What is Maundy Thursday?

In the Lenten journey, God has been present in our lamenting, self-searching and preparation. We have walked with God in our wilderness and climbed with God on the high mountain. We have trusted in the waiting and the “no’s”. We have persevered with God when our home did not feel like home. In all these places God has been with us. This day marks the beginning of the end.

Thursday. Some call it Holy Thursday, others Maundy Thursday. The name ‘Maundy’ comes from the Latin for ‘new commandment’ which Christ gave his disciples at the Last Supper. In the time of Jesus, the meal was a sacred time of connection and shared life. One of the reasons that Christians around the world still celebrate this night each year is to remind themselves that the call to come and sit at the table and eat a holy meal together is still a vital part of community.

We are all welcome. We are all equal at this table.

The table is a permanent reminder that we are never to forget to gather, be honest and share the gift of Jesus. At sundown, Jesus and his disciples settled down to enjoy the Passover Feast. On the table before them were the ritual foods: the roast lamb, bitter herbs, bread, and wine. The foods were consumed at the designated times throughout the evening ceremony. The symbols of this supper were handed down from the time of Moses. Within this context, Jesus instituted a new feast. A feast to celebrate our spiritual redemption purchased with his life—freedom from the bonds of sin and death.

There is a moment after dinner where Jesus and his disciples go to a garden.

It is not irony that humanity disobeyed God in a garden and lost relationship with God; Jesus obeyed God in a garden and secured salvation for us;
and that scripture tells us that we will spend all of eternity in a garden like environment.

No irony at all.

Jesus knows the cross is coming and that he alone can face it. But at this moment, he truly hopes that there is some other way.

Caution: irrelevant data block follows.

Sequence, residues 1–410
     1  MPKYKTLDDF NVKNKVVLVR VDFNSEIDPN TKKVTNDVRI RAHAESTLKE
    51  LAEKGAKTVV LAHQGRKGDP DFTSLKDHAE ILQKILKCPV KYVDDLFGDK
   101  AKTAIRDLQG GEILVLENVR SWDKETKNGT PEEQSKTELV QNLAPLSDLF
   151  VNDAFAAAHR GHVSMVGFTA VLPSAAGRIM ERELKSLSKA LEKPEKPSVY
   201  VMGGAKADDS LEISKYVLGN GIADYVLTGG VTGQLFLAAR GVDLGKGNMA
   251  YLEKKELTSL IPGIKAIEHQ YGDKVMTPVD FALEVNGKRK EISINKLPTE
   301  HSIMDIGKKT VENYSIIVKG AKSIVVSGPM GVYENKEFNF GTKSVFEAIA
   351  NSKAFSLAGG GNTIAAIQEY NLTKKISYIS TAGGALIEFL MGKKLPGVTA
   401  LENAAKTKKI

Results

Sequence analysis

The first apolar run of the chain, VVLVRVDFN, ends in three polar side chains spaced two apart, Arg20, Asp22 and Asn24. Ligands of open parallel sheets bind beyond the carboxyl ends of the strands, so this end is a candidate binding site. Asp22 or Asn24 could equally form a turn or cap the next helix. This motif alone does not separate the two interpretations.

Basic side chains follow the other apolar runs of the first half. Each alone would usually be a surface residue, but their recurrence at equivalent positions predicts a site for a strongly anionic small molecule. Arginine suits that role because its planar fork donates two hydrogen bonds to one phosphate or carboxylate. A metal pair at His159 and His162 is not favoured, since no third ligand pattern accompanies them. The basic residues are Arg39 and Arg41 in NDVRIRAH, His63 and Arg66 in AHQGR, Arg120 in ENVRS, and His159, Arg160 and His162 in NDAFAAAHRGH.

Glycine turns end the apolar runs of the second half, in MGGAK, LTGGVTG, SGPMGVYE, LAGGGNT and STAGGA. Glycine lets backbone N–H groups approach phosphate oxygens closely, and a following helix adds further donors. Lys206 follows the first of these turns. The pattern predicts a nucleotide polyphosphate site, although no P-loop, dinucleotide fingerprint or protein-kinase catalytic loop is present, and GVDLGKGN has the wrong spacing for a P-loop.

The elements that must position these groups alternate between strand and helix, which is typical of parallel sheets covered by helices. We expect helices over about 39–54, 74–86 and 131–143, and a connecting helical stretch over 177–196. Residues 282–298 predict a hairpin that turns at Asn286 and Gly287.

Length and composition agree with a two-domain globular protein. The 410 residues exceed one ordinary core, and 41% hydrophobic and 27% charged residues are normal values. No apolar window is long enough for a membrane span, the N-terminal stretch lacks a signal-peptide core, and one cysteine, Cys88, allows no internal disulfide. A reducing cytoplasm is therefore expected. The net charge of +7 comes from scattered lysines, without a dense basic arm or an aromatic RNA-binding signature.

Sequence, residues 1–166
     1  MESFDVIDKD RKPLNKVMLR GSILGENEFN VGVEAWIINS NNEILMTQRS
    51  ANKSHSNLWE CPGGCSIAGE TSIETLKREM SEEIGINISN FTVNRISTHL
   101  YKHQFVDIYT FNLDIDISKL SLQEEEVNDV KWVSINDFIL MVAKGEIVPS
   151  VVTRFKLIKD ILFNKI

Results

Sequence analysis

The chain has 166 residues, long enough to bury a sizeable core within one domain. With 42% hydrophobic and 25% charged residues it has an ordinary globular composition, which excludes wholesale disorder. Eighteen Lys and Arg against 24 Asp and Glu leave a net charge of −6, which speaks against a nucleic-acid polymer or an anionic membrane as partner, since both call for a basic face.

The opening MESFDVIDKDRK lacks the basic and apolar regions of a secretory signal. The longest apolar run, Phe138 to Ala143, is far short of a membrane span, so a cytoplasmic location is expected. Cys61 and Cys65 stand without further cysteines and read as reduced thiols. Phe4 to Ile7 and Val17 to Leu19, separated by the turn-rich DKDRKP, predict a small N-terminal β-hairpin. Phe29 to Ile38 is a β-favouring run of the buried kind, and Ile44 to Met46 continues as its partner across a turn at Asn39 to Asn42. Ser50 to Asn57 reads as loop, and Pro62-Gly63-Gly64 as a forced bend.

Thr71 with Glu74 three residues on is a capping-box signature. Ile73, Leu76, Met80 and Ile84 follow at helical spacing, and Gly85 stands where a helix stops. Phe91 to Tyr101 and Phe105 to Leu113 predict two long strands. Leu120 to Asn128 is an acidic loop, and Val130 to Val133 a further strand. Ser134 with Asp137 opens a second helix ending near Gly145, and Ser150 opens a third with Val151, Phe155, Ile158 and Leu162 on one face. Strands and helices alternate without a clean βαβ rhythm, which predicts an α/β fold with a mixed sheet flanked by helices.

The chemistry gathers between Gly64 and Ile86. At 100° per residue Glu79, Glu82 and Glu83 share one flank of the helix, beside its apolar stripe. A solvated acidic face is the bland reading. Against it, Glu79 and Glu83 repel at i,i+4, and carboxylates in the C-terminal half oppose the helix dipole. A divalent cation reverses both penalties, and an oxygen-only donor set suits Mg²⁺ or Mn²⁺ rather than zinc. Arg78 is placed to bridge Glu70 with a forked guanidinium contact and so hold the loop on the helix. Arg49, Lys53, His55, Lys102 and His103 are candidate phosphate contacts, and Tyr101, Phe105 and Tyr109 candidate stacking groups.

My Father, if it is possible, may this cup be taken from me.

Yet not as I will, but as you will.*

In hearing these words we find the humanness of our savior. He hesitates. His prayer is one of anguish and pain, begging that he might be spared the humiliating death at the hands of his executioners. He enters into the garden weighed down. Nothing could prepare him for what is about to take place and yet he goes into the garden and awaits it.

I’m so thankful that Jesus prayed this prayer. On so many occasions, my prayers have been similar – save me the agony, the pain, the embarrassment, the anger, the rage, the shame. And then, in the depths of his pain, Jesus does what so few human beings have ever been able to accomplish and lets go. He stopped fighting, begging, pleading, manipulating, screaming, scheming, undermining, and he released his will. He lets go. Not as I will, but as you will.

The imagery of a cup is perfect for the setting. They have all just left the table hours earlier. To drink out of a cup you have to choose to pick it up, bring it to your mouth, and drink.  Jesus is making a choice here – there is no element of surprise, coercion, or coincidence. He knows what is coming. 

When we pray this prayer we are saying to God I will do whatever you ask–because I trust you. Maundy Thursday is a day of highest highs and lowest lows. It shows us the joy of what could be and the demonstrated pain of loss. The joy of the feast at the table is real and the pain of the coming truth is revealed. Things will never be the same.

 

 

*New International Version – UK

 

 

 

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